His eight-year-old son saw the fight and came to his mother's aid. Vaughn dragged his son by the arm and the back of the neck and threw him on the bed. He picked up a pillowcase and told his son--and a lot of this can be heard on the tape--"I'm going to f---ing kill you." Officers observed swelling--this is to his son. Officers observed swelling over Vaughn's wife's eyes, marks on her neck and later a bruise on her left thigh. Vaughn's son had some reddened areas around the front of his neck and a deep red spot under his right ear. Much of the confrontation could clearly be heard on the 911 call.
Vaughn's contention that the district court misrepresented the facts when it stated that Vaughn had a long history of domestic violence is also without merit. Vaughn's PSI shows that he was charged with misdemeanor domestic battery in Florida in July 2002 and again in July 2007. Apparently, neither charge was pursued by the Florida prosecutor, but the arrests remain a record of allegations of domestic violence. Further, Vaughn's children and stepchildren related to police that he had been violent with T.V. in the past. Information in the PSI indicated that T.V. moved with the children from Florida to Idaho to get away from Vaughn due to his violence. Contrary to the implication in Vaughn's argument on appeal, the district court did not state that he had a history of domestic violence convictions. Rather, the court said that he "has a long history of violence against intimate partners." Information in the record supports that assessment. To the extent that Vaughn felt that the court misunderstood those domestic violence reports, he was present in court, as was his attorney, and had the opportunity to bring any inaccuracy to the court's attention then. The record does not indicate Vaughn did so. On appeal, we will not second-guess a factual determination of the trial court which is supported by substantial and competent evidence. Contrary to Vaughn's argument, the record does not indicate that the district court misunderstood the record.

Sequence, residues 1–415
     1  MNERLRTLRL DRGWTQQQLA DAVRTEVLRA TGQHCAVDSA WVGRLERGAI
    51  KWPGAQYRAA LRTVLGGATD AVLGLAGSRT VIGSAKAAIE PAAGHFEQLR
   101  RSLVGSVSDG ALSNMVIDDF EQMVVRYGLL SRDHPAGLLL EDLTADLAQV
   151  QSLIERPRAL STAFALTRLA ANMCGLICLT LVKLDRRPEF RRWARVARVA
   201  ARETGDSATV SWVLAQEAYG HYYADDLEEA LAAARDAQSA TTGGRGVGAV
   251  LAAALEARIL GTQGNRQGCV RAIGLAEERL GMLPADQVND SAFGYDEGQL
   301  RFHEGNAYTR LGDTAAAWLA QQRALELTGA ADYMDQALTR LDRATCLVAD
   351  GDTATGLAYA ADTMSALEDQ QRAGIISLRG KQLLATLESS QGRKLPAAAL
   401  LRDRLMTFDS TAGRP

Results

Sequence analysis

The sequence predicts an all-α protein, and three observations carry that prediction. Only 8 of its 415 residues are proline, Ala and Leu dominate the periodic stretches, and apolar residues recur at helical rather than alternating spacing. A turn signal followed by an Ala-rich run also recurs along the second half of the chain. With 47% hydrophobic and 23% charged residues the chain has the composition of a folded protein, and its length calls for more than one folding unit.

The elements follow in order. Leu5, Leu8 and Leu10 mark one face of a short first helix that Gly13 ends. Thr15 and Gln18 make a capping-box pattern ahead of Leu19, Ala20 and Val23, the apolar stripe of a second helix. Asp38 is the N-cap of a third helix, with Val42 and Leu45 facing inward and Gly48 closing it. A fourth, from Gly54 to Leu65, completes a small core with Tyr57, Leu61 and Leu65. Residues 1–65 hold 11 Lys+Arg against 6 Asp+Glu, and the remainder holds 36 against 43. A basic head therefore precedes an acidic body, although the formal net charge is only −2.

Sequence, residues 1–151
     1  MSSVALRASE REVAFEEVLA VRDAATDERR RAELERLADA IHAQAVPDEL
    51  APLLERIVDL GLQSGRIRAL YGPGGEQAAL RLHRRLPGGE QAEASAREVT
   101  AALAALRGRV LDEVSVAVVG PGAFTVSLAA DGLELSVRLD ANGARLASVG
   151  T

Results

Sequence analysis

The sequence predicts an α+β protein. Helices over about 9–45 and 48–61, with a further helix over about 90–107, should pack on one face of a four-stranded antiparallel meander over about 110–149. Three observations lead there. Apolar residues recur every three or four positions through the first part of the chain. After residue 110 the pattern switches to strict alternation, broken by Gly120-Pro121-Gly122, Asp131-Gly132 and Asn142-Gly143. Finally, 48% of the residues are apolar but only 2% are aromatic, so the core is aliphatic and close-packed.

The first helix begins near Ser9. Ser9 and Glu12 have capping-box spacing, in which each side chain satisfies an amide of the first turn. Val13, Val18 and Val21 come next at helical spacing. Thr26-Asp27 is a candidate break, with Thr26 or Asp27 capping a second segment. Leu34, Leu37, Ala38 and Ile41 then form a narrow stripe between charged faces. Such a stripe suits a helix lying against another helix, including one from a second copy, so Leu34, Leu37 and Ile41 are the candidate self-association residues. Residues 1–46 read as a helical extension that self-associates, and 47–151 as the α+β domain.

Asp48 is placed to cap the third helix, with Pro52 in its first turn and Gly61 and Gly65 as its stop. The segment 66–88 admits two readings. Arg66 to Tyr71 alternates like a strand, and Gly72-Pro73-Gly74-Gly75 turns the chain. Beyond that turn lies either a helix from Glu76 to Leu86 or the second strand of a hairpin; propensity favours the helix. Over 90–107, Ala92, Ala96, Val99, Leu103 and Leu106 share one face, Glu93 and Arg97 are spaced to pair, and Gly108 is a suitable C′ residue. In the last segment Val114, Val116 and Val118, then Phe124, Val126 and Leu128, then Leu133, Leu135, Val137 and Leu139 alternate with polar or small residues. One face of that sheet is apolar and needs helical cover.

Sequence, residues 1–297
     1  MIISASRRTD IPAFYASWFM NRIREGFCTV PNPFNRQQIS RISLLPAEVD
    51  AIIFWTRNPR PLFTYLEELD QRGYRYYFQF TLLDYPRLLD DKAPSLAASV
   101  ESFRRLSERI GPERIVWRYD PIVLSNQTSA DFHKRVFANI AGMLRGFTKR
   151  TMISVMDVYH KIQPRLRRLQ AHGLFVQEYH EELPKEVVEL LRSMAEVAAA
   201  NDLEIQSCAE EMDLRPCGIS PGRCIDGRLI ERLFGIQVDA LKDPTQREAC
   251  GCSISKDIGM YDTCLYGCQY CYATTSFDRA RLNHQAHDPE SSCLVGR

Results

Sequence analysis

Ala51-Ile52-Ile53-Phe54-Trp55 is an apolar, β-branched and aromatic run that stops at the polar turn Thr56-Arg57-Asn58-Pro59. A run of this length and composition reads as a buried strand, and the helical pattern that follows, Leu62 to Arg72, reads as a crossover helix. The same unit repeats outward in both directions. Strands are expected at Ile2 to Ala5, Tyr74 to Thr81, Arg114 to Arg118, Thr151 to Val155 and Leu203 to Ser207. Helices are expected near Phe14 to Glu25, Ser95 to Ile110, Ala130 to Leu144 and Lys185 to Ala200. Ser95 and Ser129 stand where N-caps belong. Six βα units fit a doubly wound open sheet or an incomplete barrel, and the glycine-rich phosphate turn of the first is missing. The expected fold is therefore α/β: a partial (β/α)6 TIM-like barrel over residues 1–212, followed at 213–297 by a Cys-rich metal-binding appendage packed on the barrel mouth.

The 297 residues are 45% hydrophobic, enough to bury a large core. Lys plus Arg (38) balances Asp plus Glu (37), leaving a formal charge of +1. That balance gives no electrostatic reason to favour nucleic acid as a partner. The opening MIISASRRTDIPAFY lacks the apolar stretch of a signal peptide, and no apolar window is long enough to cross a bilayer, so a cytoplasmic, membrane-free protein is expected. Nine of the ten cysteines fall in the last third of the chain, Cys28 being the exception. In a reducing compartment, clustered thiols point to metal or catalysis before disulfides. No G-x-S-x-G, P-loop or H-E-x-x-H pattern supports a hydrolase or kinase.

Further, after reviewing the record we conclude that there was not an abuse of discretion. In addition to Vaughn's history of violence, there was information that he had threatened to kill his children. He had sent a letter to his parents indicating that if released from incarceration he might take W.V. and run away, and he violated the NCOs while incarcerated on numerous occasions. The domestic violence evaluation indicated that he had "rage reactions" directed against his intimate partner and children and a long history of impulsivity and lack of control over aggressive impulses. On this record, the district court plainly did not abuse its discretion in denying Vaughn's motion for modification of the NCO to allow written and telephone communications with W.V.
B. Rule 35 Motion
Vaughn next argues that the court erred in denying his Rule 35 motion to reduce his unified twenty-year sentence with five years determinate. A motion for reduction of sentence under I.C.R. 35 is essentially a plea for leniency, addressed to the sound discretion of the court. State v. Knighton, 143 Idaho 318, 319, 144 P.3d 23, 24 (2006); State v. Allbee, 115 Idaho 845, 846, 771 P.2d 66, 67 (Ct. App. 1989). In presenting a Rule 35 motion, the defendant must show that the sentence is excessive in light of new or additional information subsequently provided to the district court in support of the motion. State v. Huffman, 144 Idaho 201, 203, 159 P.3d 838, 840 (2007). In conducting our review of the grant or denial of a Rule 35 motion, we consider the entire record and apply the same criteria used for determining the reasonableness of the original sentence. State v. Forde, 113 Idaho 21, 22, 740 P.2d 63, 64 (Ct. App. 1987); State v. Lopez, 106 Idaho 447, 449-51, 680 P.2d 869, 871-73 (Ct. App. 1984). Upon review of the record, we conclude no abuse of discretion has been shown.
The district court did not abuse its discretion either in denying Vaughn's motion to modify the NCO or in denying Vaughn's Rule 35 motion. Accordingly, the respective orders of the district court are affirmed.
Chief Judge GUTIERREZ and Judge GRATTON CONCUR.